The last of the giant tortoises living on La Pinta, a small island in the Galapagos, has died. Conservation icon Lonesome George was approximately a hundred years old, and the only remaining member of his subspecies. From Reuters via HuffPo: Lonesome George was found in 1972 and had become a symbol of Ecuador's Galapagos Islands, which attracted some 180,000 visitors last year. "This morning the park ranger in charge of looking after the tortoises found Lonesome George, his body was motionless," the head of the Galapagos National Park, Edwin Naula, told Reuters. "His life cycle came to an end." ... The giant Galapagos tortoises, which can live up to 200 years old, were among the species that helped Charles Darwin formulate his theory of evolution in the 19th century. The Galapagos National Park is considering embalming George's body so that it can be displayed in the park, Naula said... Scientists had been trying to get George to mate since 1993, when they introduced two female tortoises of a different subspecies into his pen. They laid eggs twice, but they were infertile. (Did nobody consider extracting George's semen when he was in his prime and saving it for just such an occasion? Perhaps they'll at least harvest George's DNA for cloning.)
Not long ago, I read a fascinating book about endangered species called Last Chance To See, written by Douglas Adams (of Hitchhiker's Guide to the Galaxy fame) and Mark Carwardine. Although the book was originally published back in 1990, it's as fresh and timely in the 21st century as genetically modified blackberries. As they hop across the globe in search of animals which will soon be lost to us, Adams and Carwardine mix sharp observations with some whimsical humor.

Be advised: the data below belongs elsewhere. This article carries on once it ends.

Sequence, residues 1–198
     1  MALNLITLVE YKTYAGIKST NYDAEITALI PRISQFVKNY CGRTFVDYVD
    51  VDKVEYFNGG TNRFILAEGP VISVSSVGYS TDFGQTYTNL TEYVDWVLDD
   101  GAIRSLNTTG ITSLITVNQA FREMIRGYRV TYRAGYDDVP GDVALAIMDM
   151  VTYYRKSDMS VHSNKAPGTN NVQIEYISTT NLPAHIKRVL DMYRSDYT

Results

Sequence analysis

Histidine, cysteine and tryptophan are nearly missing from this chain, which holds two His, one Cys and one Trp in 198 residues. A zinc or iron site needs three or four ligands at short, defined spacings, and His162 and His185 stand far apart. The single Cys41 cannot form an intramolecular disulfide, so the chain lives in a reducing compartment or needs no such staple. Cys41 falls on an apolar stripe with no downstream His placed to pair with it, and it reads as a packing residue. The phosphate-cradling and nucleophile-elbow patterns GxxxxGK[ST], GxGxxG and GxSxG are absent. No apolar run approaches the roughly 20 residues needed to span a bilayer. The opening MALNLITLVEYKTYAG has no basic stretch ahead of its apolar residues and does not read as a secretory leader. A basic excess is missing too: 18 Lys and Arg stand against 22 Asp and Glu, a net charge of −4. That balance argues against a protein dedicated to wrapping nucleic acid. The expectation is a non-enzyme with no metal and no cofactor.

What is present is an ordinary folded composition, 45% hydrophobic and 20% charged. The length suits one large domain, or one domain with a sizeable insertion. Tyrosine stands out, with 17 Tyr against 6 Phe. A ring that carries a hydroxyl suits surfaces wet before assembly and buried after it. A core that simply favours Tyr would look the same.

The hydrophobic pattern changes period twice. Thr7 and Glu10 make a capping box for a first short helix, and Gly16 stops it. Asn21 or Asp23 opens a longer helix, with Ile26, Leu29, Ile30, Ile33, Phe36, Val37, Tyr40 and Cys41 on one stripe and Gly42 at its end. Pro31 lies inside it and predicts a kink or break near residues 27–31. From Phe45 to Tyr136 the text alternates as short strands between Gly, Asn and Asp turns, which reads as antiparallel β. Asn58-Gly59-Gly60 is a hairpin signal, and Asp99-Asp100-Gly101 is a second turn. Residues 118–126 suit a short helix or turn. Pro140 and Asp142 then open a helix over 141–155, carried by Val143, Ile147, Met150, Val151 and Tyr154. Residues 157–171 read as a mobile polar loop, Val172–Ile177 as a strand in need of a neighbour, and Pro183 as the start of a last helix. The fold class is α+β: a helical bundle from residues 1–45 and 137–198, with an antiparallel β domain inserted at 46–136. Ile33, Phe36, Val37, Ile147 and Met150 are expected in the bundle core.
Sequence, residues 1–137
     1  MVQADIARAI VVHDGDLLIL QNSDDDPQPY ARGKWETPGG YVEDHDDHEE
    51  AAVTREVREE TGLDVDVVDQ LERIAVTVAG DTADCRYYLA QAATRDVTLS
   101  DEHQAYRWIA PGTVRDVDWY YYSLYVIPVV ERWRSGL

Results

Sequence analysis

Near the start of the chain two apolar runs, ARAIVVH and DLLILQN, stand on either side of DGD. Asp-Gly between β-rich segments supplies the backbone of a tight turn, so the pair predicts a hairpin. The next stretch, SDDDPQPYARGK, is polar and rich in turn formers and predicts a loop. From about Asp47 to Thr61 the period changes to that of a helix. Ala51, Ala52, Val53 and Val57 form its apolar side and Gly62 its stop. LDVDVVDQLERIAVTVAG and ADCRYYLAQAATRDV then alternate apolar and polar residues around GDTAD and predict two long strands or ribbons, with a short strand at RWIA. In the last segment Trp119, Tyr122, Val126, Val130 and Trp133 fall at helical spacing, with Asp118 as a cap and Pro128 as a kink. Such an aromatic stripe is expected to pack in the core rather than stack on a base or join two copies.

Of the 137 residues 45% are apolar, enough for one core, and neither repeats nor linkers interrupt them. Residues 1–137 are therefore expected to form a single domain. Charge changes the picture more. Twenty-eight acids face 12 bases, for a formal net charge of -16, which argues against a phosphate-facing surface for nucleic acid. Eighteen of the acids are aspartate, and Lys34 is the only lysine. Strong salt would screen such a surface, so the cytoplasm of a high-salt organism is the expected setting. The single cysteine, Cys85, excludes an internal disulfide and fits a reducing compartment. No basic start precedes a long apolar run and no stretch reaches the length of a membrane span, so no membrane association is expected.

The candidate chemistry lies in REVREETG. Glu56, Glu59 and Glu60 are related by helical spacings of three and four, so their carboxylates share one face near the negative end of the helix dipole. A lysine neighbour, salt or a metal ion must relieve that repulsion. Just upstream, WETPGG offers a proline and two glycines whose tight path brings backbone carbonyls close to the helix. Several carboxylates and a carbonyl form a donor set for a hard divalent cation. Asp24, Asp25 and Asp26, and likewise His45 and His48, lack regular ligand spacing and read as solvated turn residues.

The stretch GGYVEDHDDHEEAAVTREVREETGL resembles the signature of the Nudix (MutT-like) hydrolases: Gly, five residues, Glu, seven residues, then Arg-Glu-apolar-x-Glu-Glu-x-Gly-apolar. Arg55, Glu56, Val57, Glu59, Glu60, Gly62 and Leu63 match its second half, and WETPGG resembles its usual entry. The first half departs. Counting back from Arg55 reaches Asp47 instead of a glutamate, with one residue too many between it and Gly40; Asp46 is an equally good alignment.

The chapter "Heartbeats In The Night" deals with a species of flightless parrots found in New Zealand. Fewer than 150 are currently living in the wild. The Kakapo (eerily reminiscent of the Dodo, hunted to extinction in the late 1800s) is flightless because it never had to deal with predators. It's also alarmingly heavy, probably for the same reason.
From Last Chance To See:
"Until relatively recently - in the evolutionary scale of things - the wildlife of New Zealand consisted of almost nothing but birds... No dogs, no cats, no ferrets or weasels, nothing that the birds needed to escape from particularly. And flight, of course, is a means of escape. It's a survival mechanism, and one that the birds of New Zealand found they didn't especially need. Flying is hard work and consumes a lot of energy. Not only that, there's a trade-off between flying and eating. The more you eat, the harder it is to fly. So increasingly, what happened was that instead of just having a light snack and then flying off, the birds would settle in for rather a larger meal and go for a waddle afterward instead. When eventually European settlers arrived and brought cats and dogs and stoats and possums with them, a lot of New Zealand's flightless birds were suddenly waddling for their lives.
"Of these the Kakapo is the strangest... If you look one in its large, round greeny-brown face, it has a gaze of innocent incomprehension that makes you want to hug it and tell it that everything will be all right, though you know it probably will not be. It is an extremely fat bird (and) its wings are just about good for waggling a bit if it thinks it's about to trip over something - but flying is out of the question. Sadly, it seems that not only has the Kakapo forgotten how to fly, but it has also forgotten that it has forgotten how to fly. Apparently, a seriously worried Kakapo will sometimes run up a tree and jump out of it, whereupon it drops like a brick and lands in a graceless heap on the ground."
There there, poor sweet baby. Everything will be all right.